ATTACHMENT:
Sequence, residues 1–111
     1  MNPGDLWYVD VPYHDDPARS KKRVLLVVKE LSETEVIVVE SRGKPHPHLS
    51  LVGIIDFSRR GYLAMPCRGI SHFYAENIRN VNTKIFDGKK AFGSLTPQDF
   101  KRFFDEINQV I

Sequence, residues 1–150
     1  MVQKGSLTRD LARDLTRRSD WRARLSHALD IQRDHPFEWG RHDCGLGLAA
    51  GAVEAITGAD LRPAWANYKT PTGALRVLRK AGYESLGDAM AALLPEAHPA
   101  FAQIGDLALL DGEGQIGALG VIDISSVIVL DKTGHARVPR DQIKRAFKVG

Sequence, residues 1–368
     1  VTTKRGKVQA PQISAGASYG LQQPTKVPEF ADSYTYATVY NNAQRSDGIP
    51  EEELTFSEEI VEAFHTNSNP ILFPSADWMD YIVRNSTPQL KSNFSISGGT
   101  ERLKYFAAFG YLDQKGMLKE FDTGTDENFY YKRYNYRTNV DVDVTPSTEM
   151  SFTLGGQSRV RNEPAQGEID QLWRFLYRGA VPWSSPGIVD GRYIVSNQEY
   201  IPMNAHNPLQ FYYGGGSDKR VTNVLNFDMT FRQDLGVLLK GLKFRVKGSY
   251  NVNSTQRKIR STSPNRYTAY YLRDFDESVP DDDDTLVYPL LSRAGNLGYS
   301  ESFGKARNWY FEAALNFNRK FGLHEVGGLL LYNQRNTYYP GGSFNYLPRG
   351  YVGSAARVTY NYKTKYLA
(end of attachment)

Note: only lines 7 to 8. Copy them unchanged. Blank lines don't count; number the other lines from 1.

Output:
    51  GAVEAITGAD LRPAWANYKT PTGALRVLRK AGYESLGDAM AALLPEAHPA
   101  FAQIGDLALL DGEGQIGALG VIDISSVIVL DKTGHARVPR DQIKRAFKVG